Hardcover, 320 pages
Expected publication: November 5th 2013 by Little, Brown Books for Young Readers
oes one need four fully grown foxgloves for decorating a dinner table for six guests? Or is it six foxgloves to kill four fully grown guests?
Sophronia’s first year at Mademoiselle Geraldine’s Finishing Academy for Young Ladies of Quality has certainly been rousing! For one thing, finishing school is training her to be a spy (won’t Mumsy be surprised?). Furthermore, Sophronia got mixed up in an intrigue over a stolen device and had a cheese pie thrown at her in a most horrid display of poor manners.
Now, as she sneaks around the dirigible school, eavesdropping on the teachers’ quarters and making clandestine climbs to the ship’s boiler room, she learns that there may be more to a school trip to London than is apparent at first. A conspiracy is afoot–one with dire implications for both supernaturals and humans. Sophronia must rely on her training to discover who is behind the dangerous plot-and survive the London Season with a full dance card.
It is not a common occurrence for me to find myself so conflicted by a book. On the one hand, I like how the development of the characters is progressing but on the other hand, I deplore the actions taken by the protagonist. In fact, I am disturbed by these actions and despite the protagonist reflecting on her actions and feeling remorse for what she did, I still am not convinced that she has completely redeemed herself – or whether it is even possible to redeem oneself from actions that have such horrible consequences. I don’t know whether that was the author’s intention or my subjective reading (and interpretation).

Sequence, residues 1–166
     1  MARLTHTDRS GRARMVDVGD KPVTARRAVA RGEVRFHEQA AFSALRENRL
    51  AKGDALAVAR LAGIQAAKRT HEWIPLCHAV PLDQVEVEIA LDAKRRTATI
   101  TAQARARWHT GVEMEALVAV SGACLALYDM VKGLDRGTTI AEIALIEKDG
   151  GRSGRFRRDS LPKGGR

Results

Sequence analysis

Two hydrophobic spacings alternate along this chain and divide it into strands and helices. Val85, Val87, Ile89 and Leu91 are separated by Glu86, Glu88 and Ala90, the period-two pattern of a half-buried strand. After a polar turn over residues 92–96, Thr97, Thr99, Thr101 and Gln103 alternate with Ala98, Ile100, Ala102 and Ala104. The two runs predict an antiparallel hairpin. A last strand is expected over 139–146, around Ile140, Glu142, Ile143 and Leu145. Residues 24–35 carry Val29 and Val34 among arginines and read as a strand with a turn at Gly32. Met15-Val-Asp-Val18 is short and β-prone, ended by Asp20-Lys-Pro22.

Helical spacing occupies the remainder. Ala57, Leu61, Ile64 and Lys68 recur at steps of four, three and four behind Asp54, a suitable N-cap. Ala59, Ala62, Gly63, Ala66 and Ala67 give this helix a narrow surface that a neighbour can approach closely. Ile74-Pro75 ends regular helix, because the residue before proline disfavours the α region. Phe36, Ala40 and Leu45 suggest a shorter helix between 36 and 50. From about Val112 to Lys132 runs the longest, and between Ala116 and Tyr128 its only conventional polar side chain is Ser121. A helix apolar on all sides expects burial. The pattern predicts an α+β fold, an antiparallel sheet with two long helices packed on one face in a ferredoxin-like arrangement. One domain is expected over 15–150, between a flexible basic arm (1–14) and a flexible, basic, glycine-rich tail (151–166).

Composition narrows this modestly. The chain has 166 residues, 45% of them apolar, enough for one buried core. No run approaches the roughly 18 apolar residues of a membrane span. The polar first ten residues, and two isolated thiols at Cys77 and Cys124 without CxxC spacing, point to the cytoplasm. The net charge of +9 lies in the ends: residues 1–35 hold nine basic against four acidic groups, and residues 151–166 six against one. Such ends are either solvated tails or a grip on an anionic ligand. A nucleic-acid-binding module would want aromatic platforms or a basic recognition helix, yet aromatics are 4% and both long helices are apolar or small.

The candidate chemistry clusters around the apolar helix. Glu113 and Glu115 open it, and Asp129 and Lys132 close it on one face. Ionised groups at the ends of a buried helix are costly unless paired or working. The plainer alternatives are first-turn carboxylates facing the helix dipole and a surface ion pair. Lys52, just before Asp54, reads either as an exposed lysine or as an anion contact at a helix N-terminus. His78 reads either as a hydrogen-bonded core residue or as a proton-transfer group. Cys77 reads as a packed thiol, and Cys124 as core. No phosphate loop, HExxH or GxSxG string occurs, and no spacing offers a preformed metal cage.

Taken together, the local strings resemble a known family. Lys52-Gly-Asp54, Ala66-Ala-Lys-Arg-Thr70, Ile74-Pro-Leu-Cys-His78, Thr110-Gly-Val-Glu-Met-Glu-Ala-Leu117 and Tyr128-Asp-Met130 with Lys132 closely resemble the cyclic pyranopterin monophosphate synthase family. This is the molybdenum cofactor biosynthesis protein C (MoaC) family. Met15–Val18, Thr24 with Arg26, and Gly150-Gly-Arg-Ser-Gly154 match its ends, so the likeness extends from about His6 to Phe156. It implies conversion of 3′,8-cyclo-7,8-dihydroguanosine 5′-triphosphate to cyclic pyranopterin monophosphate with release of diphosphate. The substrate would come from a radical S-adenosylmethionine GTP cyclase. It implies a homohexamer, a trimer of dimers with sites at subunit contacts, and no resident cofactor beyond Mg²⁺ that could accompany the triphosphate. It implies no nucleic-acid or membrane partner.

If I were writing a review for a publication, I would focus more on the technical aspects such as pacing etc. but as this review is for my blog and I tend to be more informal and intimate, I feel at ease discussing the details of the novel. Sophronia is an interesting character but like before, she reads way older than her age (14) and comports herself in a manner more suited to girls way older than her age. And though she is not aware of it, she is quite charming, especially to members of the other sex. There is a bit of romance going on and the love triangle is completely perplexing given the strict social class divisions – I am not sure how her attraction to one of the boys will work out but it is refreshing to have a person of colour as a love interest in a period piece. That said, I wasn’t too impressed with the way the other dude was handled.
The friendship between the girls was a strength of this novel and the plot was tightly drawn out. I enjoyed the book initially but left it feeling rather unsettled. I am curious to see what adventures Sophronia goes on next but I hope the romance remains at the periphery of the series because really, their exploits are so much fun without the whole moaning and swooning spoiling it.